– John F. Kennedy, at a dinner honoring Nobel Prize winners of the Western Hemisphere, 1962
Snowflake university culture in America may have just hit peak safe-space stupidity.
Here’s what happened according to the University of Virginia’s Cavalier Daily:
Several professors on Grounds collaborated to write a letter to University President Teresa Sullivan against the inclusion of a Thomas Jefferson quote in her post-election email Nov. 9.
In the email, Sullivan encouraged students to unite in the wake of contentious results, arguing that University students have the responsibility of creating the future they want for themselves.
“Thomas Jefferson wrote to a friend that University of Virginia students ‘are not of ordinary significance only: they are exactly the persons who are to succeed to the government of our country, and to rule its future enmities, its friendships and fortunes,’” Sullivan said in the email. “I encourage today’s U.Va. students to embrace that responsibility.”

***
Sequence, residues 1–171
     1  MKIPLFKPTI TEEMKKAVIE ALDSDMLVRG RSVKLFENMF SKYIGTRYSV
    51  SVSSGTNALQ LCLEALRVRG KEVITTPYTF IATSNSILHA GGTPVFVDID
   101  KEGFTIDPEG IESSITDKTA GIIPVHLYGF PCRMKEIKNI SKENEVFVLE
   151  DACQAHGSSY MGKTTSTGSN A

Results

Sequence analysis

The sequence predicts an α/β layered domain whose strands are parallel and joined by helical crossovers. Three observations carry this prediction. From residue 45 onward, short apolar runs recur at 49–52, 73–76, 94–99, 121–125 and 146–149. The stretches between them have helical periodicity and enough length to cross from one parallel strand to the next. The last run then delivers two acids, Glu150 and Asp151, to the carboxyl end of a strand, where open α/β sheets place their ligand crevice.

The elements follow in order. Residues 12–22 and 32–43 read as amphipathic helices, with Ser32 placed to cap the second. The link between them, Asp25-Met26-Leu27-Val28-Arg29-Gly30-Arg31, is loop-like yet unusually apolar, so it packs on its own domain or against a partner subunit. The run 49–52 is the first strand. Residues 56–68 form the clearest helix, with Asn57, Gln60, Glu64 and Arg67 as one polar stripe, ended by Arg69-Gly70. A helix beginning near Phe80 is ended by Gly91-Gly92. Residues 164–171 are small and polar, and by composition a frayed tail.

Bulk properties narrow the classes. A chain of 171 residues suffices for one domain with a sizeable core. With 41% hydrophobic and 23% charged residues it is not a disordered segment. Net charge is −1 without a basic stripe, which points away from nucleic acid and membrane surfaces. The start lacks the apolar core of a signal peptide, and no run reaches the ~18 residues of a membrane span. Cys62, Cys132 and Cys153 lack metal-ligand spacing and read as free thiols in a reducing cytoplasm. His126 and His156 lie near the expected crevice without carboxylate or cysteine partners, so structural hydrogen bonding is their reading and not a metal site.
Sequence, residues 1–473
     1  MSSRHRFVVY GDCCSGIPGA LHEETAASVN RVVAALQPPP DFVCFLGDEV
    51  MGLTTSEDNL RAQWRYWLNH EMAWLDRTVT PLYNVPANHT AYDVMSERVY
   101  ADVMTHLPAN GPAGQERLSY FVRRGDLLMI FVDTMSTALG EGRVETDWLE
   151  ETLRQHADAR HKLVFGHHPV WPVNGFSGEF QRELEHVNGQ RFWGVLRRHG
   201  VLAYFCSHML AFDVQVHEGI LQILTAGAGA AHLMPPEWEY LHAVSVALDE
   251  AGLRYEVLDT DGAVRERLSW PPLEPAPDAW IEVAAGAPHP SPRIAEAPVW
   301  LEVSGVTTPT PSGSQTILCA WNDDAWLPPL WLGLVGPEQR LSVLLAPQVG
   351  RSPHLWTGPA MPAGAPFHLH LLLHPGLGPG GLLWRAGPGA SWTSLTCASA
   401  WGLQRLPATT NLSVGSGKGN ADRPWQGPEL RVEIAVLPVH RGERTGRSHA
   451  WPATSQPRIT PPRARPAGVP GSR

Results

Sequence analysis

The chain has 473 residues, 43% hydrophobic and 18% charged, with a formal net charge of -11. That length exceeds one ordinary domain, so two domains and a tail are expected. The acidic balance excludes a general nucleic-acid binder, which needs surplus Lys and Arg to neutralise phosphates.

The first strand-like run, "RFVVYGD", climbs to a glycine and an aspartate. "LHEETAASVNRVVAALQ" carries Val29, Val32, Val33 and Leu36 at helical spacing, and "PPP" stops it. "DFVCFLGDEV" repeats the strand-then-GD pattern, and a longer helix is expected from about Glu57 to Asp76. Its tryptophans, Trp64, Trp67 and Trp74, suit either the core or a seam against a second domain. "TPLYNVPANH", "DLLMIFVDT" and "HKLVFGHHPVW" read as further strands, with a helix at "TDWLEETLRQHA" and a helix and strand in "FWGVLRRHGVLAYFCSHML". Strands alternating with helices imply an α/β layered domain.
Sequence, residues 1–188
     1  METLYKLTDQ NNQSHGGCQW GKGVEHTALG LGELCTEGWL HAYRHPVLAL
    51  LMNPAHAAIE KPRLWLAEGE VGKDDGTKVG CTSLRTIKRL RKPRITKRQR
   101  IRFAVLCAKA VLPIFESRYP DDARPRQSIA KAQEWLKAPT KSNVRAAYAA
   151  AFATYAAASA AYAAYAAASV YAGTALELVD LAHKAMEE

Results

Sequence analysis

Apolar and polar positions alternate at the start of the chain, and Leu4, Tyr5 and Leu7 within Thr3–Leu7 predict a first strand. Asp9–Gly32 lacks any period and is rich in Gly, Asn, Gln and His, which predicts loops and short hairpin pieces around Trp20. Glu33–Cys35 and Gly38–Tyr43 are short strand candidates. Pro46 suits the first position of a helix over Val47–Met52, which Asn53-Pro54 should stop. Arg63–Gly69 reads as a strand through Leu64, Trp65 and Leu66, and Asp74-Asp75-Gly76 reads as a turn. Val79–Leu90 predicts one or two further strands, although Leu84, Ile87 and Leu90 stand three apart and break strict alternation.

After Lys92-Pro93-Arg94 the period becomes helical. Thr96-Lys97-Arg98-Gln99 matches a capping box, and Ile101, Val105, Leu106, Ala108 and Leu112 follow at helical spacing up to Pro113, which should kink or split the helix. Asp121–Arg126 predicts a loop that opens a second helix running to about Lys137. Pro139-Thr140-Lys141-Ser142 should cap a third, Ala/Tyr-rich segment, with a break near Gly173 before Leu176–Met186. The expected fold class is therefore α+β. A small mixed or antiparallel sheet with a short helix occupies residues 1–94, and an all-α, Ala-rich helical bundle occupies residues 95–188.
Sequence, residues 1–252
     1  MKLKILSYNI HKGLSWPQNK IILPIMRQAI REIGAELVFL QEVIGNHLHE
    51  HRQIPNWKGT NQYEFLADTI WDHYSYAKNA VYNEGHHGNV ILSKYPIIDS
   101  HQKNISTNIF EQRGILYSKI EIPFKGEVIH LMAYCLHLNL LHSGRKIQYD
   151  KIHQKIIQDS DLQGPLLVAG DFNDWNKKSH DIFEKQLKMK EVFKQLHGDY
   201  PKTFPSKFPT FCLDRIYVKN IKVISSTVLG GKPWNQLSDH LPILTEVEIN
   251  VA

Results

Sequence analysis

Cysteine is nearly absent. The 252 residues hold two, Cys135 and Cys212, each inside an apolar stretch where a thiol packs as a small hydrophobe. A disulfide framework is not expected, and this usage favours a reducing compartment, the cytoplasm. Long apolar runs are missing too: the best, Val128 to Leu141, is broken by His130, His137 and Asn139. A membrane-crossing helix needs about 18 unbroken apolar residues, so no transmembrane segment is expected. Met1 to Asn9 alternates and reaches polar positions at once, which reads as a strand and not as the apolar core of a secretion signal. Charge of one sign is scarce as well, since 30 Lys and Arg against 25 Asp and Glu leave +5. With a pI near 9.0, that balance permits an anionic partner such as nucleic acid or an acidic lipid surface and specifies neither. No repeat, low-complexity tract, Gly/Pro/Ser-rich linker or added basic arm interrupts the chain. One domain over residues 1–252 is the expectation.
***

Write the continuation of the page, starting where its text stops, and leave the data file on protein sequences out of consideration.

Note that Jefferson was specifically addressing the UVA student body in the chosen quote. It’s pretty obvious why she chose that particular one.
Some professors from the Psychology Department — and other academic departments — did not agree with the use of this quote. Their letter to Sullivan argued that in light of Jefferson’s owning of slaves and other racist beliefs, she should refrain from quoting Jefferson in email communications.
“We would like for our administration to understand that although some members of this community may have come to this university because of Thomas Jefferson’s legacy, others of us came here in spite of it,” the letter read. “For many of us, the inclusion of Jefferson quotations in these e-mails undermines the message of unity, equality and civility that you are attempting to convey.”